Books & Nachos

The Hobbit by J. R. R. Tolkien

August 28, 2014

It's hard to believe there was a time when the world didn't know of Hobbits, those hairy-toed homebodies who prefer a good pipe and cozy hole in the ground to the promise of fame and fortune. But their secret subterranean lifestyle was exposed in 1937 when author J.R.R. Tolkien published The Hobbit. Intended for children, but serving as the basis for his more sophisticated later Lord of the Rings trilogy, this introductory Middle Earth novel offers a delightful account of how paternalistic wizard Gandalf prodded sheltered Bilbo Baggins to step outside his comfort zone and help a band of dwarfs reclaim their kingdom.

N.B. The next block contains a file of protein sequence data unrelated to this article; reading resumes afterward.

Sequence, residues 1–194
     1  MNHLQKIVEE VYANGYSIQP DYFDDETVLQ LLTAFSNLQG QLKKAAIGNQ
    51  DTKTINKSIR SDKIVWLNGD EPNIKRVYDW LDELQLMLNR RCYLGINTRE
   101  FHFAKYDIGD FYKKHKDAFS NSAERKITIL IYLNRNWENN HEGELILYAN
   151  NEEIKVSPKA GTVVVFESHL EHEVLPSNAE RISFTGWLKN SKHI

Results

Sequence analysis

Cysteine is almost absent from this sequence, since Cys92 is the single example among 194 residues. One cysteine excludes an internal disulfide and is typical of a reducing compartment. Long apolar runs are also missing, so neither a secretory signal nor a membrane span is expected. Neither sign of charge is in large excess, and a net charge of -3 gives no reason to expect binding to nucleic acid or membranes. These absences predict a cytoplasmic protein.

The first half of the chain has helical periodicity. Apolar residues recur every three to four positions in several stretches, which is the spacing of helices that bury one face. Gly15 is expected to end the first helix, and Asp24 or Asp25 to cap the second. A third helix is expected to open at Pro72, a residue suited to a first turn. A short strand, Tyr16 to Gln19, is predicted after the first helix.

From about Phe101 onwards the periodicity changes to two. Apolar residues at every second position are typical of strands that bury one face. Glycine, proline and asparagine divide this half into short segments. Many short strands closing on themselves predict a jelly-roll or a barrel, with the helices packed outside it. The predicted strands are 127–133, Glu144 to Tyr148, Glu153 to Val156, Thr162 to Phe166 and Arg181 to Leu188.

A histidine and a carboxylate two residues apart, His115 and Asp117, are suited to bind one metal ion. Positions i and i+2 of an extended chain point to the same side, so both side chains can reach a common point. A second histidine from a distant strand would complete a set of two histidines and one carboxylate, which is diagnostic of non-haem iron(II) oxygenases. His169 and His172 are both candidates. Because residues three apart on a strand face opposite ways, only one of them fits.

The Hobbit is celebrated and castigated in equal measure for re-popularizing folklore in 20th Century literature - presenting a detailed alternate universe teaming with warmongering elves, hungry trolls, giant spiders, and a fire breathing dragon. Is it all just fodder for role-playing games and kiddie cartoons 77 years later, or are there timeless life lessons and enduring appeal to what's on the page? Join hosts Jakob (who grew up with Tolkien) and Stuart (a fantasy-challenged reader) as they revisit this milestone in preparation for a larger Hobbit/Lord of the Rings movie retrospective being created for Silver and Platinum donors to sister podcast Now Playing.

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